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For $1 to Stay in a Hotel Room, Would You Let the Internet Watch You?

For $1 to Stay in a Hotel Room, Would You Let the Internet Watch You?
Jackie Reddy

The manager of a Japanese inn was seeking a way to increase business when he was inspired by a YouTuber who livestreamed most of their stay. From then on, Tetsuya Inoue offered guests who were willing to stream their stay in the property’s room number eight the chance to sleep for ¥100 ($0.91) a night.

Everyone likes a bargain and what a bargain, indeed, to find a hotel room at an incredibly discounted rate. When it comes to a deal, one traditional ryokan or inn in Fukuoka, Japan might just be offering the best rate going. As CNN Travel reports, Asahi Ryokan is offering travelers the chance to stay and pay just ¥100 ($.91) a night.

As with most great deals, there is a catch…and it’s a creepy one. In this case, those who plump for this option must agree to have their time at the inn livestreamed.

According to the outlet, this business model was the brainchild of Tetsuya Inoue, whose grandmother owns the inn. Inoue, who took over the premises last year, had noted that the property’s No.8 room was the least popular with travelers and was looking for a way to drum up business.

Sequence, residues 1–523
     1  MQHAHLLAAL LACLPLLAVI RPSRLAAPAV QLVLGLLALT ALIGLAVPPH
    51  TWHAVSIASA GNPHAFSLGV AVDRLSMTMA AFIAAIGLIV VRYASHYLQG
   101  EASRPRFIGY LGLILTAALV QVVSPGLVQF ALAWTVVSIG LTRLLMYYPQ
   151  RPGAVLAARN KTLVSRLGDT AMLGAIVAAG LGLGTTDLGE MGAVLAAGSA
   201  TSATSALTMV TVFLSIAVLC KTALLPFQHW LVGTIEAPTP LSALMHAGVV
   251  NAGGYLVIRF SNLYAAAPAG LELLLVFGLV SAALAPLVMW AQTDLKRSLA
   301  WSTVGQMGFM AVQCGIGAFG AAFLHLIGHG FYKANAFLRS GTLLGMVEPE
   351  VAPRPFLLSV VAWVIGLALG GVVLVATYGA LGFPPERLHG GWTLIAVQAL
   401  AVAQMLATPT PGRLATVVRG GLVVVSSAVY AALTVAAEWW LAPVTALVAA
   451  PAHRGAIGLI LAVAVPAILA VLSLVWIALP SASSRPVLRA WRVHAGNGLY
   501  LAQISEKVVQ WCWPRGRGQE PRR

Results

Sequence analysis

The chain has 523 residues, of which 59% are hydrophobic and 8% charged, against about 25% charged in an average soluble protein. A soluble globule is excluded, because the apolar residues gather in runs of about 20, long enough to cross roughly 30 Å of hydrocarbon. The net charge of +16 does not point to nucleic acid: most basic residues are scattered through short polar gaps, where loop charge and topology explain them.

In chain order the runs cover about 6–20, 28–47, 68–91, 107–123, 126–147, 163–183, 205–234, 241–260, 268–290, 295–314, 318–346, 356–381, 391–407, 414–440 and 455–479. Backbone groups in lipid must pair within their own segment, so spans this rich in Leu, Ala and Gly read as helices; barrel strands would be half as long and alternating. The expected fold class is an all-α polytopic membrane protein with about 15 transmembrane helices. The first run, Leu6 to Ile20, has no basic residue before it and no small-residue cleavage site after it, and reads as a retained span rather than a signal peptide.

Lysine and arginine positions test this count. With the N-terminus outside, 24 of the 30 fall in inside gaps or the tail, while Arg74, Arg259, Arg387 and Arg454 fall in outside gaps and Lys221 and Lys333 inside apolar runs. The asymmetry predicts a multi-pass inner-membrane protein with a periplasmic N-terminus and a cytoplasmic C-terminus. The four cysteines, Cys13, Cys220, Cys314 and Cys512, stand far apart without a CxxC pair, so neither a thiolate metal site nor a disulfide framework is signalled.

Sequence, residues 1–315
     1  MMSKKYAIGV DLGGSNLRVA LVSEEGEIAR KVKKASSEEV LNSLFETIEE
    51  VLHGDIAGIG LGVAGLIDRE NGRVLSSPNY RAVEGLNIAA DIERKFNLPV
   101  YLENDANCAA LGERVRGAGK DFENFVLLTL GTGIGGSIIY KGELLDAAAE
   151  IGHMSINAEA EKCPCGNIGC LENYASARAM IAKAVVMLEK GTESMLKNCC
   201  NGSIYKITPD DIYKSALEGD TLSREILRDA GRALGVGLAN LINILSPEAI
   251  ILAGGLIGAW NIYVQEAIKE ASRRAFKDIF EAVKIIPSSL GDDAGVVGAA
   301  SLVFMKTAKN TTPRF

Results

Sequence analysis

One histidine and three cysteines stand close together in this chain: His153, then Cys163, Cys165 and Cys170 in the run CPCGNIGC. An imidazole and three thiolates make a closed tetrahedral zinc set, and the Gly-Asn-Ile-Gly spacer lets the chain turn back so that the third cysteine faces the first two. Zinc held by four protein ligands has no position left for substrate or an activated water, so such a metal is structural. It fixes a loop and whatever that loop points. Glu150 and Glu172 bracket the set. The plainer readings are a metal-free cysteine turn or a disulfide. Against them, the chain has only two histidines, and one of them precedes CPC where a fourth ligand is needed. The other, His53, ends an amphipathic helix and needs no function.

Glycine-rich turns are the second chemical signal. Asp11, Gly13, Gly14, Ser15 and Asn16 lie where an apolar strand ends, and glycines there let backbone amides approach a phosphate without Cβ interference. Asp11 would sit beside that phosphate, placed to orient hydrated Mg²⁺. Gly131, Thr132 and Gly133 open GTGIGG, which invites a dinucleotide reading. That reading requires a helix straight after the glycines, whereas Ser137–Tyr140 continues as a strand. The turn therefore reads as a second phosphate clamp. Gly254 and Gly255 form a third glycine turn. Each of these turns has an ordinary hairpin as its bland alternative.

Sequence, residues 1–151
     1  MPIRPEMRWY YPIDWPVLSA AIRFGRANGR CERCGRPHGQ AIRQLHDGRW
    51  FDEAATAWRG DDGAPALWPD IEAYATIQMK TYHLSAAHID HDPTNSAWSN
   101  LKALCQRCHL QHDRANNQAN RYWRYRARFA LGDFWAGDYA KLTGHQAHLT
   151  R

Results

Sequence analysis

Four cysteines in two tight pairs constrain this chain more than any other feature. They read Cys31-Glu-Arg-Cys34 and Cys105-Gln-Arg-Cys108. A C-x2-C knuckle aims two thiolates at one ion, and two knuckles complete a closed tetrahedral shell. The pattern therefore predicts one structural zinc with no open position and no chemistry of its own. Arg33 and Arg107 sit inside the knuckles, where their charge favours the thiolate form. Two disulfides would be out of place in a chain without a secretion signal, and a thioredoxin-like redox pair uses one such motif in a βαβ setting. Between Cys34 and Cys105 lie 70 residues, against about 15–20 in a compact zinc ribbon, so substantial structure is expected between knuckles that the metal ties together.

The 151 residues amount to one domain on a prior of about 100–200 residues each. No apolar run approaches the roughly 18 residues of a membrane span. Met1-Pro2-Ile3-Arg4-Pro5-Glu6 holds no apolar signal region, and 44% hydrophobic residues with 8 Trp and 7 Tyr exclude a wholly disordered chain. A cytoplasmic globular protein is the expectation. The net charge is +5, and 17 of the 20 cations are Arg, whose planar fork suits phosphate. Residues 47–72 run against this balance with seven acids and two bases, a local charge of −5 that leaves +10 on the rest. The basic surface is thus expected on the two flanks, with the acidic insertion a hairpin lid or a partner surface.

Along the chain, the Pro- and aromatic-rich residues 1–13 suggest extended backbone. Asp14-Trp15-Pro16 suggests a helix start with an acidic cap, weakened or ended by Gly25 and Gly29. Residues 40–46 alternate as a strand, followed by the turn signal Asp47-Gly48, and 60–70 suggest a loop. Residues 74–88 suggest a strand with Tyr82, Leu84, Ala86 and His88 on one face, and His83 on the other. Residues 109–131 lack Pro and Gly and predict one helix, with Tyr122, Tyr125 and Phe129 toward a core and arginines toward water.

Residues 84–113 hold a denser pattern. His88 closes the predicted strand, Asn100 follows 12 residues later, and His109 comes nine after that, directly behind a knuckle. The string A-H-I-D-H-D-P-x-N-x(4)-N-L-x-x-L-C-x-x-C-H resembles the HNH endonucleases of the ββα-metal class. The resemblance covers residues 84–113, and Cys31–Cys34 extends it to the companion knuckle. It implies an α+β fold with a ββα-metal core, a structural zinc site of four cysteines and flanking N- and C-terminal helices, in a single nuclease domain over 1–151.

The Inspiration Behind a Great Deal

Taking inspiration from a British YouTuber who streamed most of their stay at Asahi Ryokan, Inoue decided to try and harness the potential of the Internet in order to increase revenue.

Speaking of his inspiration, Inoue said, “This is a very old ryokan and I was looking into a new business model. Our hotel is on the cheaper side, so we need some added value, something special that everyone will talk about.”

“Young people nowadays don’t care much about the privacy. Some of them say it’s OK to be [watched] for just one day,” he explained.

Personal Privacy and Bathroom Rules

But as the outlet explains, there are some limitations on these livestream broadcasts. For example, the feeds only broadcast video and guests staying in room No.8 can turn the lights off. For the truly camera-shy, Inoue has also explained that the bathroom is not filmed.

When the room isn’t occupied, Inoue simply livestreams himself working from the inn’s office. When he’s away from his desk, there is signage in both English and Japanese to alert users to his absence.

All footage captured from Asahi Ryokan’s room No.8 can be viewed on Inoue’s YouTube channel, One Dollar Hotel.

A Gimmick With a Long-Term Goal

While stays in this room are obviously sold at a loss, Inoue is hoping that this gimmick will pay off in the long-term. At present, his YouTube channel has over 3,000 subscribers and once it achieves above 4,000 view hours, Inoue will be able to place advertising on the channel, thus further boosting his business.

From a marketing standpoint, Inoue’s timing is incredibly canny. CNN Travel has just nominated the city of Fukuoka as one of its must-see destinations for 2019.

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